Hypercalciuria probably accounts for the majority of renal stones recovered from patients in the United States.1 Knowledge of the pathophysiologic mechanisms responsible for hypercalciuria has increased dramatically with advances in our understanding of the regulation of calcium and vitamin D metabolism. Depending on dietary calcium intake, approximately one third to one half of ingested calcium is absorbed. The absorbed calcium is distributed in the extracellular fluid. Exchanges occur between the extracellular pool, intracellular pool, and bone. Calcium is lost from the body in urine and in the gut, but the rate of loss of calcium approximates the rate of entry, and thus balance is maintained. Hence, the control of this balance resides in regulation of intestinal absorption and urinary excretion.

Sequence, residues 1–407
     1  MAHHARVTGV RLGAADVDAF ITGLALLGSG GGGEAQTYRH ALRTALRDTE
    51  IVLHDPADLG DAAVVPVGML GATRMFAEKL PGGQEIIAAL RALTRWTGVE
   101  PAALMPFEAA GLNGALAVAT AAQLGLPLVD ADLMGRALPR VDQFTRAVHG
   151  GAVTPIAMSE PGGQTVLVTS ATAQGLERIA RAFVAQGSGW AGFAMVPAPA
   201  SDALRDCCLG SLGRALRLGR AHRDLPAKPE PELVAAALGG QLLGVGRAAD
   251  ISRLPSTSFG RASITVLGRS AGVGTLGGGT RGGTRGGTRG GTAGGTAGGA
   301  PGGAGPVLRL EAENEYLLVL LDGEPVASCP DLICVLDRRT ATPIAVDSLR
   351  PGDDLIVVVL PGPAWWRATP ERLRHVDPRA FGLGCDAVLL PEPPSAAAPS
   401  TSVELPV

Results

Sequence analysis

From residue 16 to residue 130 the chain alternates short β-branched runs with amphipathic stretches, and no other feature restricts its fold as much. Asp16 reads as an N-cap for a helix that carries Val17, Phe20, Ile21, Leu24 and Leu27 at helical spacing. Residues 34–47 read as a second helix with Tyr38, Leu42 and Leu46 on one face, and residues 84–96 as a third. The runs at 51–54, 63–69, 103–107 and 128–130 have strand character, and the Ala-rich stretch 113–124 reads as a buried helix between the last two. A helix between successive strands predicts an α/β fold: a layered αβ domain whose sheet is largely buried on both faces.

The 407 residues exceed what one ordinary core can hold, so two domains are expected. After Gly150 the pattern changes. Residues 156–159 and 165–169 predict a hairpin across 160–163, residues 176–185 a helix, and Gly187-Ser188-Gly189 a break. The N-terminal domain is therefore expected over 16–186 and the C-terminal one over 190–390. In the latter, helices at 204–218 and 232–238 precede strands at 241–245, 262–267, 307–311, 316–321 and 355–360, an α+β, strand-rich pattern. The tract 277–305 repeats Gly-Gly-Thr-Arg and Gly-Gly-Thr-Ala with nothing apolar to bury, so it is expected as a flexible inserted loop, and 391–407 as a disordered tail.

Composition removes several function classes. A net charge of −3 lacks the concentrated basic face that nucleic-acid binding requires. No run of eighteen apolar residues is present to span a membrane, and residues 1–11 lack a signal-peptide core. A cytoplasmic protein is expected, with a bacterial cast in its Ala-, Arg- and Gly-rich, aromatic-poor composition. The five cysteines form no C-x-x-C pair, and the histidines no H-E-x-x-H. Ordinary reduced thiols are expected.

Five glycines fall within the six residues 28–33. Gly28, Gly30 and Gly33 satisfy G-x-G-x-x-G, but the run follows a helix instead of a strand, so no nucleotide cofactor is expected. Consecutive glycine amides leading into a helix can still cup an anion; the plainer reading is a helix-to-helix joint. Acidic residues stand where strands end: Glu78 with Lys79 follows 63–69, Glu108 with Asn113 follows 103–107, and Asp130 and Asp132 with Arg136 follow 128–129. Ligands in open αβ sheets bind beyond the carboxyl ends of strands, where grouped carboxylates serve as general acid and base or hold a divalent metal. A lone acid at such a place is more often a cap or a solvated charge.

Intestinal absorption is regulated by 1,25-dihydroxyvitamin D (1,25-[OH]2D), the most potent metabolite of vitamin D; 1,25-(OH)2D is the product of the 1-hydroxylation of 25-hydroxyvitamin D,